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Life forms have a story but rocks don’t

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Maybe rocks have a history but not a story. That fact matters to a discussion of evolution. From an online book in progress by Stephen L. Talbott tentatively titled “Evolution As It Was Meant To Be — And the Living Narratives That Tell Its Story” (Overview) at the Nature Institute:

We heard in “The Organism’s Story” that living activity has a certain future-oriented (“purposive” or “intentional” or end-directed) character that is missed by causal explanations of the usual physical and chemical sort. This is true whether the end being sought is the perfection of adult form through development, or the taking of a prey animal for food.

An animal’s end-directed activity may, of course, be very far from what we humans know as conscious aiming at a goal. But all such activity nevertheless displays certain common features distinguishing it from inanimate proceedings: it tends to be persistent, so that it is resumed again and again after being blocked; it likewise tends to be adaptable, changing strategy in the face of altered circumstances; and the entire activity ceases once the end is achieved.

This flexible directedness — this interwoven play of diverse ends and means within an overall living unity — is what gives the organism’s life its peculiar sort of multi-threaded, narrative coherence. Life becomes a story. Events occur, not merely from physical necessity, but because they hold significance for an organism whose life is a distinctive pattern of significances.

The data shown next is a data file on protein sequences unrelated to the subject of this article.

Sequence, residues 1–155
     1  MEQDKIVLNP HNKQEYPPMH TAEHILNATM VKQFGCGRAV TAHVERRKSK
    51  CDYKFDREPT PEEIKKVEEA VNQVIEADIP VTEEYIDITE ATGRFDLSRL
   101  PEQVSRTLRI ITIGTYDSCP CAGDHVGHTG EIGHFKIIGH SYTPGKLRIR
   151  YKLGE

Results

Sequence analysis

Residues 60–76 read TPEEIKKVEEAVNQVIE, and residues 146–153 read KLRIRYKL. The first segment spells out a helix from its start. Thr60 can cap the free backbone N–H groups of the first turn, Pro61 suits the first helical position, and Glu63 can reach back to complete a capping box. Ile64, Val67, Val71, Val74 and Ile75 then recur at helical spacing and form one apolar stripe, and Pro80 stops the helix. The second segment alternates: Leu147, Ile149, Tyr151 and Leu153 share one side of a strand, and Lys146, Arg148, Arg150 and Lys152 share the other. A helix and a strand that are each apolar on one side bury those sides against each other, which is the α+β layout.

Stephen L. Talbott, “The Mystery of an Unexpected Coherence” at Evolution as it Was Meant to Be: A work in progress

Indeed. What’s wrong with so many discussions of animal intelligence is precisely the loss of this perspective, that the animal or plant is part of a story, the theme of which is its own survival.

Thus, slime molds can replicate a highway map of Canada in search of bread crumbs. Are they smart? No. Do they need to be smart?

No. Similarly, plants can communicate with each other and with animals. Are they smart? No. Not in the human sense of consciousness, reason, or moral choice. And they clearly don’t need that in order to aspire to survive.*

It’s not clear that a wholly naturalist (nature is all there is), often called “materialist” approach to life can address the difference this makes. If all these creatures have purpose, it is reasonable to think that the universe as a whole does. But the truth is, many philosophers of biology don’t even appear to notice the gaping hole.

Hat tip: Philip Cunningham

See also: What if there is no genetics apart from epigenetics? Talbott: Not that the gene sequences are themselves mutated in the usual sense. Rather, the researchers found that various epigenetic modifications in the hippocampus alter the way the genes work (Weaver et al. 2004).


Is today’s biology missing a Big Idea? Talbott: Every organism is an entity in which certain ideas and intentions are manifest — observably expressed and realized. We have to be willing to say, as everyone does say, “This cell is preparing to divide.” We would never say (as I mentioned earlier), “This planet is preparing to make another circuit of the sun.”